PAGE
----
Wednesday, October 28, 2009

Graduation Dues

I emailed Gretchen Adelson and Lindsey Bartlett, SBA Graduation Committee Co-chairs, about what the $55 "graduation dues" get spent on. Find below their response, which an email to the Class of 2010 today mostly co-opted (Ed. note: but for those of you not in the c/o 2010, here's what you have to look forward to). I don't have any strong opinions about it, but I appreciate knowing where the money is going.
Thank you for giving us the opportunity to shed some light on 3L dues. We know that $55 is a lot of money, but the money is necessary to fund a wide variety of events for graduation weekend, as well as 3L events throughout the year. We understand that times are tight for everyone and that is why we made sure that we would not raise dues this year (they have consistently been $55 for the last several years). With that being said, here is a better idea of how dues will be used.

The vast majority of the dues (approximately 4/5) pay for events and regalia related to graduation weekend itself. These events include a catered reception at the Law School the night before graduation and a breakfast Sunday before the university-wide graduation on the Lawn. Because of this financial support, students are able to bring an unlimited number of guests to the catered reception at the Law School. Lastly, the dues help purchase each graduating student’s cap, gown, and hood.

These events are actually quite expensive and we are responsible to pay a portion of the overall cost. We have been working with the Law School Foundation and members of the administration to come up with ways to keep costs down this year. The result is that we are able to maintain the same dues charged in years past.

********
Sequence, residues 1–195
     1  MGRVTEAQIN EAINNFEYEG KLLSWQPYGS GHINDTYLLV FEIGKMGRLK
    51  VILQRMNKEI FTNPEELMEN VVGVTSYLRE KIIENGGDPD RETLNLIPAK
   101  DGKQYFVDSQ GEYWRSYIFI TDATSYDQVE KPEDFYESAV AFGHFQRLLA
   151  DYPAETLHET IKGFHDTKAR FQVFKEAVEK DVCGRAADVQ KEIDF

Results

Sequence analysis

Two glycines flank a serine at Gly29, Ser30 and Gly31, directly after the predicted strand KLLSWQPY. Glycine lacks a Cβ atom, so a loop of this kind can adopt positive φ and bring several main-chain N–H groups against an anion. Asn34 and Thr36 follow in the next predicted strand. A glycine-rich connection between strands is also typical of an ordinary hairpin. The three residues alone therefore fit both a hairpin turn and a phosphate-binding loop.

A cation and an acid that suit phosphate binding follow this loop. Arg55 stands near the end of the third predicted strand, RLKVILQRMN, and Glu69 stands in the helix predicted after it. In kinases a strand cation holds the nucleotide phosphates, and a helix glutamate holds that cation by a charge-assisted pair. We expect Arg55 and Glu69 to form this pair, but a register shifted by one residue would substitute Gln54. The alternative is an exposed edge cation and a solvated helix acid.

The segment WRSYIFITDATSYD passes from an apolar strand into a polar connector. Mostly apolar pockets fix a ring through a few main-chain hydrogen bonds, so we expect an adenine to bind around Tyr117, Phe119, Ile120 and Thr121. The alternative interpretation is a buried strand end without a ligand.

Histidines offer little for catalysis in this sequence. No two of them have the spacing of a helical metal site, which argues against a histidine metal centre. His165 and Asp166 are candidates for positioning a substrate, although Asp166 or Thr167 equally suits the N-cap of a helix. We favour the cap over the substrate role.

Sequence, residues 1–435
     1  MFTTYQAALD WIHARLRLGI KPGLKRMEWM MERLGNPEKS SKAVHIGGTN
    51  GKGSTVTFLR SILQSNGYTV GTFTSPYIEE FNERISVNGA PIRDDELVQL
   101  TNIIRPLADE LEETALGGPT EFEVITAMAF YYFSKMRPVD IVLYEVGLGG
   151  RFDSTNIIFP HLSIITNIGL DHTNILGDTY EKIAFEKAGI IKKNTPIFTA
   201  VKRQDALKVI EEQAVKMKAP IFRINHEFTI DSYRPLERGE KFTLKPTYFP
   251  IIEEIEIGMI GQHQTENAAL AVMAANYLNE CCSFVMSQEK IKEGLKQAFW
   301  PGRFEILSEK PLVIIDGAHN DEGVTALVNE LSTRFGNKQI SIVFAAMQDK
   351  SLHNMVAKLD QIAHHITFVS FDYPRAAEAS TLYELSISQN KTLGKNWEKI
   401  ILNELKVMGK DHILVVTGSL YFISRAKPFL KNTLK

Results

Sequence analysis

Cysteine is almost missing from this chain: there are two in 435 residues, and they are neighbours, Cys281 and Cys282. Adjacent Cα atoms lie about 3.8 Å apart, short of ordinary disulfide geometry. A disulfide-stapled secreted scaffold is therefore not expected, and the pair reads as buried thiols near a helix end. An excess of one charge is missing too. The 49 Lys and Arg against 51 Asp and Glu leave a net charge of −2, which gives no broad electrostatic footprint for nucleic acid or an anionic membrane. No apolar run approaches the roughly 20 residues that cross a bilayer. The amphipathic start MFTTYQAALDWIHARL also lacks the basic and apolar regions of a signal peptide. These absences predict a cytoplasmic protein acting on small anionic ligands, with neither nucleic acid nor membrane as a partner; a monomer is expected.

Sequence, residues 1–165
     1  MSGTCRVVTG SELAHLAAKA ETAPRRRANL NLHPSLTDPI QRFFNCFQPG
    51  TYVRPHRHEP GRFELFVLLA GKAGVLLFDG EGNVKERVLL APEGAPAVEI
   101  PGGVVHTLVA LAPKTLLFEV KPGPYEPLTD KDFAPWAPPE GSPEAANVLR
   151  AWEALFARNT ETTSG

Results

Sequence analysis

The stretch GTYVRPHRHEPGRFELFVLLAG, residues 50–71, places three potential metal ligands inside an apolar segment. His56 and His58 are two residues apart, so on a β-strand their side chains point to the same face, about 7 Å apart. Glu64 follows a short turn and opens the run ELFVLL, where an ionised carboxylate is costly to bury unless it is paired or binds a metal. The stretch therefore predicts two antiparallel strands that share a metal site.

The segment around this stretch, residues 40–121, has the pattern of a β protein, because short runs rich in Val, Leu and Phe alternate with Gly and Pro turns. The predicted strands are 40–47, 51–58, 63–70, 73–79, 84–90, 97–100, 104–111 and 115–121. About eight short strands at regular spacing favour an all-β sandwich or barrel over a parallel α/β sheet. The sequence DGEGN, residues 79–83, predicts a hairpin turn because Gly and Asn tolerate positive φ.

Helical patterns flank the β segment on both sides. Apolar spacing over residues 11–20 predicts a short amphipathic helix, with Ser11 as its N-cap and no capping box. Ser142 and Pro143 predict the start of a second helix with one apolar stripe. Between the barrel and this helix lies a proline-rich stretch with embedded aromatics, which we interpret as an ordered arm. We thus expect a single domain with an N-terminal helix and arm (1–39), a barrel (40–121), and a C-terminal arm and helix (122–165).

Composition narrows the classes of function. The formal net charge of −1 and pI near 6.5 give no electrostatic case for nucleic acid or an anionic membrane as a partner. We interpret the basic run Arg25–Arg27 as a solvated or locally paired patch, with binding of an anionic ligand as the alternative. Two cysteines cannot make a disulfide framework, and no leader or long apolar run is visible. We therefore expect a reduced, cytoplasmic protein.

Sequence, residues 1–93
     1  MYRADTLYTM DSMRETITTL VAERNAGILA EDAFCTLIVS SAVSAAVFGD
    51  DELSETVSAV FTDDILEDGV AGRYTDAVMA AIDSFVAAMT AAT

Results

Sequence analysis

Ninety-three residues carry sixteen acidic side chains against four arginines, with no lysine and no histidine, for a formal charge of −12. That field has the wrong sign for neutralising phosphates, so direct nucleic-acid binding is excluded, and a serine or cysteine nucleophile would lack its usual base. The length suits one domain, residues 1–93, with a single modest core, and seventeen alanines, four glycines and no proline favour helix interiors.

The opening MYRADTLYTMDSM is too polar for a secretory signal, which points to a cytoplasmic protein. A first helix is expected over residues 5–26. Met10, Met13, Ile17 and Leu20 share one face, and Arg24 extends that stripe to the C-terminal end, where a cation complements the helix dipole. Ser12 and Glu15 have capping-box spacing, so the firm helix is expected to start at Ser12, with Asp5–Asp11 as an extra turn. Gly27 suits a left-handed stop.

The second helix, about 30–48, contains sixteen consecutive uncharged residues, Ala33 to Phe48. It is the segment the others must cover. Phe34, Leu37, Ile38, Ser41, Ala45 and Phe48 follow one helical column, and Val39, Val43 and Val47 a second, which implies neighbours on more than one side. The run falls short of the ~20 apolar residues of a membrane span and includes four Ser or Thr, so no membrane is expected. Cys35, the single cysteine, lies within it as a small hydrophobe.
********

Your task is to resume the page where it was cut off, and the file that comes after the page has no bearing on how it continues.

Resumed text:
In addition to funding graduation weekend events, our dues pay for 3L events throughout the year. For example, this week, we will host a 3L Bonfire at Montfair Farms that is open to every 3L student. We’ll be providing transportation to the event and refreshments for students attending the bonfire. Next semester, we will host several more 3L events including a wine tasting tour, golf tournament, and a reception accompanying the Class Charge. In conjunction with NGSL, we’ll also host the 3L Softball Tournament and provide plots and refreshments for 3Ls at Spring Foxfield.

As we stated in our initial email to the 3L class, students who do not plan on attending graduation do not have to pay dues.

We understand that $55 is a lot of money and we are sensitive to the fact that students feel stretched financially right now. However, we also know that 3L graduation events are something that UVA Law students have grown to expect and look forward to. We take this responsibility seriously and have done our best to put together an enjoyable (and memorable) 3L graduation experience. If you have any further questions, please feel free to email us. Thank you.

17 comments:

Anonymous said...

Why not just charge money for these events individually? That way those receiving the benefits would be paying the costs instead of spreading it around to everyone. It also would cut down on costs by accurately predicting attendance at these events instead of just assuming X # of 3Ls would participate.

Anonymous said...

When did this start? I don't remember paying this at all.

- Class of 2005

Anonymous said...